There’s been talk for years of a skills gap in cybersecurity—the idea that there are plenty of jobs available, but the available pool of candidates simply lack the knowledge and experience to fill them. There has been some debate about how real the cybersecurity skills gap is, and how much is just hype. A new survey from Tripwire suggests that the issue is very real—at least if you ask information security professionals.
According to the report from Tripwire, 93 percent of the security professionals surveyed are concerned about the cybersecurity skills gap. What makes the situation even more dire than the almost unanimous agreement that this is a serious issue is the fact that 72 percent also believe is has actually gotten more difficult to find and hire candidates with the necessary skills just in the last two years.
“It’s evident that security teams are evolving and maturing with the rest of the cybersecurity industry, but the pool of skilled staff and training simply aren’t keeping up. For example, beyond their technical duties, security practitioners may now be expected to spend more time in boardrooms or in the CFO’s office to secure more budget,” says Tim Erlin, vice president of product management and strategy for Tripwire. “While the makeup of the cybersecurity workforce may be changing, the fundamentals of protecting an organization have not. It will be critical during this transition to ensure there’s a long-term strategy in place around maintaining the foundational security controls like the CIS CSC.”
As I mentioned above, though, not everyone agrees. JC Gaillard, founder and managing director at Corix Partners, wrote in April of this year, “So it becomes apparent pretty quickly that the ‘cyber skills gap’ story dominating the headlines is just another aspect to an old theme: The cyber security industry obsession with finding technical and tactical silver bullets, to a problem that is in too many cases rooted in decades of adverse prioritization, complacency, a ‘tick-in-the-box’ culture around compliance and – fundamentally – poor corporate governance.”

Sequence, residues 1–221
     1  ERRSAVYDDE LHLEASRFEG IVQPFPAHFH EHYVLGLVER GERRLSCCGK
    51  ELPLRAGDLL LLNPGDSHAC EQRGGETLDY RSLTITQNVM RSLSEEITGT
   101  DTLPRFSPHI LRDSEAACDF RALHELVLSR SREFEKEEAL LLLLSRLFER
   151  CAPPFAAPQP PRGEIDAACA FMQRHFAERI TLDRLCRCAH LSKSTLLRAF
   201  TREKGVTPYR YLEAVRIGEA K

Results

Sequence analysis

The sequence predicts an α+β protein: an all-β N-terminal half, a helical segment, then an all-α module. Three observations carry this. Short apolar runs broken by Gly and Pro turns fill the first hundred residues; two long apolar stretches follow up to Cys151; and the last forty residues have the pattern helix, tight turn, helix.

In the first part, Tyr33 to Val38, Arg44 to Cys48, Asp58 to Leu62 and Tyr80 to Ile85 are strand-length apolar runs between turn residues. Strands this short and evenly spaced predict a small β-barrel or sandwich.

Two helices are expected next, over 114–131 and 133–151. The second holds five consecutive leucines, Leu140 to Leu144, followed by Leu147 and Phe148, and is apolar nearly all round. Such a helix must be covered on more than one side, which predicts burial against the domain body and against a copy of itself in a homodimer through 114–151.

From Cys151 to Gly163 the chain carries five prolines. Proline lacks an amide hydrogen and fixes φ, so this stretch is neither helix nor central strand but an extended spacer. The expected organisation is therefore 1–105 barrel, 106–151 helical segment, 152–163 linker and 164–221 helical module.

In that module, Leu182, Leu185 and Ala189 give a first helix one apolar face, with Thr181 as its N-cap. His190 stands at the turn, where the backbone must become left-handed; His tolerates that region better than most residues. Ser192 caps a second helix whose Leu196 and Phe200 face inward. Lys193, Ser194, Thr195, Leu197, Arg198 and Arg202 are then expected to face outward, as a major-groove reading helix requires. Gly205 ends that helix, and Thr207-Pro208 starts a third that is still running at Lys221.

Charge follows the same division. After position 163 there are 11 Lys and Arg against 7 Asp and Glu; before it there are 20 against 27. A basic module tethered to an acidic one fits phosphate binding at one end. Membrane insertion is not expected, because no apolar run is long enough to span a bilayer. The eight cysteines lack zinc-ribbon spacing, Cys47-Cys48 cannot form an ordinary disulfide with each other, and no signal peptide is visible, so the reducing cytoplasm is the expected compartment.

As with most things, the truth lies somewhere in the middle. In this particular case, I personally feel like it’s somewhere in the middle, but leaning heavily toward the Tripwire survey point of view.
Thankfully, there are multiple solutions to this problem. First would be an effort to enhance and improve STEM education throughout the school system and influence more young people to pursue a career path in information security in the first place. We can also appeal to those in search of a job or interested in making a career change to seek out the necessary skills to fill these roles.
As awesome as that might be, the more efficient—and probably more effective—solutions lie in outsourcing, automation and outsourcing to a company that does automation. Of those surveyed by Tripwire, 88 percent believe that managed services would add value and help solve the skills gap problem, and 91 percent plan to supplement their cybersecurity team with outsourcing. Enlisting the aid of a managed security service makes sense on multiple levels: You generally get superior security for less than investing in full-time employees to build a team internally.
Automation is also an excellent solution. Ninety-six percent of survey respondents believe that automation will play a key role in solving the cybersecurity skills gap. The more monitoring, threat detection, alerts and notifications and other routine functions can be automated, the more time your cybersecurity experts will have to focus on resolving tough issues, and—more importantly—proactively streamline capabilities and improve security in general.
The cybersecurity skills gap exists, in my opinion. The bad news for many would-be job seekers, though, is that outsourcing and automation will probably fill the gap better and faster than training and hiring teams of employees to do the job.